I can’t help but read this as “Well, food stamps are money, too. Let’s wring ‘em for everything they’ve got.” I wouldn’t be surprised in the least if I learned they withheld from operating or starting sale prices long after the 1st of the month to maximize every penny.

On a side note – waiting around Wal-Mart for your foodstamps or welfare benefits to kick in at midnight sounds insanely depressing. I’ve been there – not at a Wal-Mart – but I’ve been there. What really sucks is when they don’t drop when they’re supposed to or there’s an error or other delay. Think about it. You’re broke. You’re hungry. Maybe you have hungry, noisy kids with you up way past their bedtime. You just spent an hour carefully shopping for the best balance of the cheapest, most decent food you can find. You’re trying to do math and compare notes in your head and make important choices while hungry and shaky and then you go to check out and… “Wha… what do you mean my card is declined?”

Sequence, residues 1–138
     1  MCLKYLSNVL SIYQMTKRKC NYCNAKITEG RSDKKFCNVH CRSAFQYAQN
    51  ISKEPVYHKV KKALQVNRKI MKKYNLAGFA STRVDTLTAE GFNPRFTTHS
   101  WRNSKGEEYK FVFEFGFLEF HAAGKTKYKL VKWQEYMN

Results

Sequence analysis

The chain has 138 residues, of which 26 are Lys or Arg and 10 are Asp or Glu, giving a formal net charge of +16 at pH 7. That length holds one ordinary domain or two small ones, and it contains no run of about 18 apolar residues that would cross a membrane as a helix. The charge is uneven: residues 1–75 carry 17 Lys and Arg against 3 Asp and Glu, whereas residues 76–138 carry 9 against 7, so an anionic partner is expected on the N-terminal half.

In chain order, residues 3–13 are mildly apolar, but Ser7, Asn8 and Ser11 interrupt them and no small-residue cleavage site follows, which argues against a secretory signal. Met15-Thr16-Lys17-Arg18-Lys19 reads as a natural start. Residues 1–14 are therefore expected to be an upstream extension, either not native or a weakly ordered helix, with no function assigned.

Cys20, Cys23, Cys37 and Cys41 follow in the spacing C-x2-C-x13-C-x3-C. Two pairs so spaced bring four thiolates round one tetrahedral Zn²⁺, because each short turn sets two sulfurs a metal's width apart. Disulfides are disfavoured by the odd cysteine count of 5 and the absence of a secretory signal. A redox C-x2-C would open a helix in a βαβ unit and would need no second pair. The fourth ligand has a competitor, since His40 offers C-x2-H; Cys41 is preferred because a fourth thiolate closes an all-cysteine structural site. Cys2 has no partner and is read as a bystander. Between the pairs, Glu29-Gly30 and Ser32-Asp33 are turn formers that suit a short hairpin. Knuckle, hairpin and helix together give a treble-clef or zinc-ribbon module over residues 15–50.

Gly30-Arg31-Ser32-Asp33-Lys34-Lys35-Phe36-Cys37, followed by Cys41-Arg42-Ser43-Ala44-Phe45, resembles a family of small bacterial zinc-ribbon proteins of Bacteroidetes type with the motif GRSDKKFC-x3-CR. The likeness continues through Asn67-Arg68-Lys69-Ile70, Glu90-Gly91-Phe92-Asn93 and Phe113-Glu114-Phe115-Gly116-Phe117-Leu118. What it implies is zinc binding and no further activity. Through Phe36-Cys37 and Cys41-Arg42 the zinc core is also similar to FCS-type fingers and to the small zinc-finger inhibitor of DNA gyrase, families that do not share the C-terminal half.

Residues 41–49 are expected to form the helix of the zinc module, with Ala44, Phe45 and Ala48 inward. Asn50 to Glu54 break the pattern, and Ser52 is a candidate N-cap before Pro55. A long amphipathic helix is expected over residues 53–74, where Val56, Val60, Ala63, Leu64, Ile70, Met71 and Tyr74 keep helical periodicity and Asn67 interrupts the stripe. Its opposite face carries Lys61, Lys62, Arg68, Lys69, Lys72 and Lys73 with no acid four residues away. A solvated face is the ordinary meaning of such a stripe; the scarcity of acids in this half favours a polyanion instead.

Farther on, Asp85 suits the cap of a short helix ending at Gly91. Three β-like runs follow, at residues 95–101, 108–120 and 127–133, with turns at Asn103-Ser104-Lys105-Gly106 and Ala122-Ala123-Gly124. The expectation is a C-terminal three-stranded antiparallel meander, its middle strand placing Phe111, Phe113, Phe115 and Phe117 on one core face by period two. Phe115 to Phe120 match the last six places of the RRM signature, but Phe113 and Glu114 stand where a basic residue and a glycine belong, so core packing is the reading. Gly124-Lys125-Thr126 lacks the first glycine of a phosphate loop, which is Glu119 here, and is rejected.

Formula ain’t cheap.

That’s on the retail end. It doesn’t cost very much to make, and it’s so regulated that the cheapest brand is nearly chemically identical to the most expensive.

Know what? It’s bullshit that people are gathered at midnight on Check Day to buy it. If there’s one thing that the government should be able to provide, it’s baby formula. Free formula to everyone who needs it. Take two drops out of the bucket of defense spending and give a generous supply of formula to every month to every child that needs it.

Who the hell could be against the government feeding babies? Oh right, Nestle. And they have money to buy congressmen and poor babies don’t.

Mayor Curley